Posted in Faith, Healthcare, parenting, The DJ Journey

20 Years of Loving DJ

A doctor, we’ll call Dr. S, said awful things about DJ. Things no one should ever say about a child let alone a patient. She felt compelled to perversely tell me how inadequate my baby was. She ended with words I never let permeate my heart. “He’s a blob. He’ll always be a blob. That’s all he’ll ever be.” Dr. S lives today because my husband physically restrained me long enough for her to scuttle from the hospital room never to be seen again.

Each candle added to DJ’s birthday cake serves as a tangible reminder of an invisible faith manifested through the most unlikely of people and circumstances. So, on his 20th birthday, I want to bring Dr. S up to speed on her dire predictions. And remind her that while she looked into this little face and saw doom and hopelessness I saw potential, love, and hope incarnate.  382819_2066102232110_512707139_n

DJ demands personal growth. You can’t be too cowardly to look boldly within. You must forget what you want, expect, and plan. Me holding onto expectations and comparing us to others propelled us nowhere. So, when public school and DJ weren’t a love match I became what I never wanted to be – a teacher! No offense to teachers. I just never fancied being one. As a little girl, I was the only one on our street who preferred being the student when we played school.

It took us a couple of years to find our groove but DJ thrived in homeschool. Shock to me, but I enjoyed teaching him. The fuel to higher learning is individualization. Crafting lessons to his needs, incorporating sensory-rich field trips, and teaching by a grasp of subject matter rather than a perceived grade level, proved to be the ladder to his higher learning window.


With education came books. Books taught me as much about DJ as they did him about the world. Through books, DJ told me how he loved Kentucky history and opened a path for me into his nonverbal world.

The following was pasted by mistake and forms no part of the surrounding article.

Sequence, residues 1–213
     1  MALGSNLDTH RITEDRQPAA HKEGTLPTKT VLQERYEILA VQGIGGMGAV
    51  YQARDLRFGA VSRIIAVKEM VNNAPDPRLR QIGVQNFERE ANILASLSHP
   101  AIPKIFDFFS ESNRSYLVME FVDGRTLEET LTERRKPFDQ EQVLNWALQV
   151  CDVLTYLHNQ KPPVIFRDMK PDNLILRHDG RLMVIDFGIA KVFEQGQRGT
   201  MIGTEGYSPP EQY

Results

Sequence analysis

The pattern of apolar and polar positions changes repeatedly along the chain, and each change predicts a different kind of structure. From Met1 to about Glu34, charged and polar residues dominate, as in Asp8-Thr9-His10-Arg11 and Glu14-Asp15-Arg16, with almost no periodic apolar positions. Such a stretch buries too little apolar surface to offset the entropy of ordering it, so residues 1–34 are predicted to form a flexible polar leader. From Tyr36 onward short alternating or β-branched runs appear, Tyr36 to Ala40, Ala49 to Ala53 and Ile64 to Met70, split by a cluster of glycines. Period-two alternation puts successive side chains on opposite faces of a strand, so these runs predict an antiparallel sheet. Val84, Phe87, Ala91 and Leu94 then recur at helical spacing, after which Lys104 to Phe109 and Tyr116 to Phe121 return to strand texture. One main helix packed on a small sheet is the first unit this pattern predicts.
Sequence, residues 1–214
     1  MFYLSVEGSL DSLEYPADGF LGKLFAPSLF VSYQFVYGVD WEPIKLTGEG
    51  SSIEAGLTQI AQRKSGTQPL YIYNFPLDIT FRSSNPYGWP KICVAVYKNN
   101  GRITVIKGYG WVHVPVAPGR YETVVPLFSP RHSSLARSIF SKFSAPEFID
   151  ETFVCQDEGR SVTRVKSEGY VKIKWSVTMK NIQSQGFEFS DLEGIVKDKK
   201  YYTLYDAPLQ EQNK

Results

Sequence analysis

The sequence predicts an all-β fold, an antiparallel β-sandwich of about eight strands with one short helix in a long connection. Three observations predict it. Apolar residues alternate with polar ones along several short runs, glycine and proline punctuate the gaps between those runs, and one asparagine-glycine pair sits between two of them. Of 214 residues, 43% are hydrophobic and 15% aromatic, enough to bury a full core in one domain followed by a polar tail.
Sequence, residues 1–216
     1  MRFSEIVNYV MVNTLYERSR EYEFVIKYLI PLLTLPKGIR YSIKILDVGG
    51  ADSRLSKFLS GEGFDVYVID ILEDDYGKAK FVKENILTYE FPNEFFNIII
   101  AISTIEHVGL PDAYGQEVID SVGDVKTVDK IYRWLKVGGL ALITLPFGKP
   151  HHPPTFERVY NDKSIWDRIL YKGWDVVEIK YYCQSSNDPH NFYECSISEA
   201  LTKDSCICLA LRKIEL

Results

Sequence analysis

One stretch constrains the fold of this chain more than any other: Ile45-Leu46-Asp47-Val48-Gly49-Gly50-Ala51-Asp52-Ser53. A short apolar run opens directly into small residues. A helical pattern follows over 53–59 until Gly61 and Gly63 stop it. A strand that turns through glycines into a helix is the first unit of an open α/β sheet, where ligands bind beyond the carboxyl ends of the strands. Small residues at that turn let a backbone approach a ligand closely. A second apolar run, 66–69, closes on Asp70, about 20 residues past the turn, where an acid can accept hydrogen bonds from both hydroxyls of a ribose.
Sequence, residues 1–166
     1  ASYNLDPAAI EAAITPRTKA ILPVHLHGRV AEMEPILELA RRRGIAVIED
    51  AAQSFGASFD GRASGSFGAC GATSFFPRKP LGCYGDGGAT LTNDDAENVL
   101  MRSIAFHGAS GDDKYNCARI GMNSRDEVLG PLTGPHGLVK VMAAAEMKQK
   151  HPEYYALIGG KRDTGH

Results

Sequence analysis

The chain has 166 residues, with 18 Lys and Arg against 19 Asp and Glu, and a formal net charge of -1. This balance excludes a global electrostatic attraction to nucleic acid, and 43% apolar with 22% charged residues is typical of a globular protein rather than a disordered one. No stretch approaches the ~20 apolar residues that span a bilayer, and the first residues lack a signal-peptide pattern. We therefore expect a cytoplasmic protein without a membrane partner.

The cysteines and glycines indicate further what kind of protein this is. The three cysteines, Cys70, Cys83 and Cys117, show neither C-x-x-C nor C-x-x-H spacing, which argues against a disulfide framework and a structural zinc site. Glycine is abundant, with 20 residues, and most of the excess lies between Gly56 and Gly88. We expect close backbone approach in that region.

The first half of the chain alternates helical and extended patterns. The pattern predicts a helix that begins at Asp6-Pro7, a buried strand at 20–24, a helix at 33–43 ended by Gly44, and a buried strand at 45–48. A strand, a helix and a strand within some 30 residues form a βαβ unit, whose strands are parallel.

DJ views history as a learning tool. Dr. S viewed history, at least medical history, as an inescapable future. Dr. S’s encapsulating DJ into a sports-less world only made us determined to try it all. It should be mentioned that Dr. S did not include sack racing in her list of sports DJ couldn’t do. DJ and his Daddy just threw that in as a show-off manner for Aunt Neen and Maggie.


He also learned to swim, ride a bike, and even find his way around a kitchen.


It didn’t take long to figure out that the best things for DJ, cost us the most. Giving DJ basic life experiences we all take for granted, means expending physical stamina, mental stress, and emotional shifting. Yet, it’s menial compared to love. The more experiences DJ has the more he learns. The more he learns the more he grows. The more he grows the more he overcomes. And the more he overcomes the more hope he infuses into our crazy world. So, we do the things Dr. S said couldn’t be done;  eating out, camping, peaceful public outings, air travel, and even a journey across the Purple People Bridge.


It all matters; dressing up and turning his wagon into part of his Halloween costume, riding a scooter board, carving a pumpkin, reaching higher for the elusive Easter egg, training a service dog for him, building therapy tools like a platform swing for him to chill on, it’s all relative. Nothing is too much. Dr. S’s medical knowledge may have been correct. She didn’t factor in how life-altering unadulterated love is.